Gender equality is one of the topics that has gained momentum and a voice over the years. It has become one of the main health issues in the world, referring to equal opportunities for both men and women to live a healthy life. Unfortunately, this equality does not always arise naturally. Therefore, gender transformative interventions are designed to change gender roles and promote gender equality. The Kruger 2 Canyons Biosphere Region (K2C BR) is not an exception as we work in communities where cultural beliefs still treat women and men with different levels of respect, with clear outlined roles and duties. We start to see a lot of programmes that are developed to help the girl child to rise in the competitive world. On the other hand, we see an increase in rape, gender-based violence, broken families mostly by males. Perhaps one should can ask who is shaping the young males to treat our sisters and mothers with the respect they deserve?

The K2C BR has in partnership with STEPS For the Future & Caretakers developed the “Our Rhino” & “OUR SAND” films and have once again joined hands in addressing not only environmental issues but also social issues. STEPS uses the power of documentary films and facilitated film screenings to give vulnerable people a voice. It calls on us to become active participants in civil society in order to bring about social change and create a better and more just society for all. During the national lockdown from July 2020 – November 2020 STEPS planned a gender capacity building program, which includes webinars and film screenings and the development of a manual on how to use the existing films such as Intersections, What Happened, Boys Diaries and Fatherhood, to have conversations with young men around gender issues. The male only sessions were called Men2Men (M2M).

South Africa has one of the highest rates of fatherlessness in the world. According to the 2017 Statistics SA General Household Survey, a shocking 61.8% of children under the age of 18 live without their father. Of this number, 10.1% of children’s fathers are deceased, while 51.7% of children’s fathers are alive, but not living with the child. According to a 2013 report of the South African Institute of Race Relations (SAIRR), black children are hardest hit, while the absence of fathers amongst white children has increased 32% in the previous 15 years. Only 33% of South African children lived with both their parents and of the remaining 67%, only 39% lived with their biological mothers and 4% with their biological fathers. The other 57% lived in other kinds of care, including extended family, government institutions or child-headed households (Gerald Flurry, The Trumpet, 1/3/2018).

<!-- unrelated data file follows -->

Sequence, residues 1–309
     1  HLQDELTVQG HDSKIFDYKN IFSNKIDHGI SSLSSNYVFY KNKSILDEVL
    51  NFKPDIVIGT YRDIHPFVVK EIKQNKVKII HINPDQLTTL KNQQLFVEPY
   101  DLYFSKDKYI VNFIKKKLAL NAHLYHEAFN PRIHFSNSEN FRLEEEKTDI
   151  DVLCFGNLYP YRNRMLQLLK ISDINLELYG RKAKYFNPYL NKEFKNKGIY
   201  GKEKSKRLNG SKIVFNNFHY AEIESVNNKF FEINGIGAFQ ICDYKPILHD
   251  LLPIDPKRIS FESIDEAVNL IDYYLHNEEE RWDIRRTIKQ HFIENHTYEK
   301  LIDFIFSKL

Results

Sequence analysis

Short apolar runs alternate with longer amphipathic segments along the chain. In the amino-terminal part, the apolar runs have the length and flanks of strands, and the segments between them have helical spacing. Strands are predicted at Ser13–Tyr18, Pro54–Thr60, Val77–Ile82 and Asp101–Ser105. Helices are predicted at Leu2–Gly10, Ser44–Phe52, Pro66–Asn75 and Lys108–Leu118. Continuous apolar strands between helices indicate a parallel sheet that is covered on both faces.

Six capacity building webinars were held every second Friday, using film clips from one of the three films. These were open to STEPS regional network male facilitators where the K2C BR was represented by Vusi Tshabalala. The webinars were virtually attended and all attendees needed to have watched the three films in advance. The webinars were attended by young leaders from 8 Southern African countries and a lot of heated discussions, questions and debate around the role of men in society, fatherhood in marriage and outside of marriage, cultural values, attitudes were considered. Later in August a similar platform using the same films was created for female facilitators only that was called Sister2Sister (S2S). K2C BR was also represented on the S2S sessions by Shoki Mafogo.

During the separate platforms for males and females STEPS realised that there were a lot of assumptions made by the males about the females and vice versa. So the last session was a mixed gender session where each group was given an opportunity to ask that one question you have always wanted to ask the opposite sex in an open and safe environment. Some of the questions and quotes that were discussed included:

  • A “No” often means a “Yes”.
  • Men cannot say No to sex because it shows weakness.
  • Girls and women harass men by the way they dress.
  • Having a girl as a friend is like a chicken in the fridge – eventually you will want to eat it
  • Girls take relationships as a source of income to solve their financial problems.
  • Men are expected to be in control in a relationship
  • Women are better parents than men.
  • Mothers and fathers should be equal partners in raising a child

The films and discussions are something that K2C will be taking forward with our different stakeholders and communities to conduct screenings to help our youth to start engaging in these difficult yet necessary topics. All the films are available on Youtube and you can also get in touch of us if you are interested in hosting or attending a session.

Women in Agriculture – Evelyne Moropa

By Cindy Koen, from the Region for the Region project Manager

Where most people see working at a farm simply as a way to make ends meet, Evelyne Moropa saw it as a learning opportunity. In 1998, she was offered a position on a commercial farm so she grabbed the opportunity and learnt as much as she could. By the year 2000, she felt confident enough to start farming and obtained a 3-hectare plot.

Now at the age of 63, she is a confident and thriving farmer, farming with tomatoes, onions, cabbage, butternuts, and madumbe. She has proven that if you put your mind to something, you can achieve it, as long as you are willing to work for it.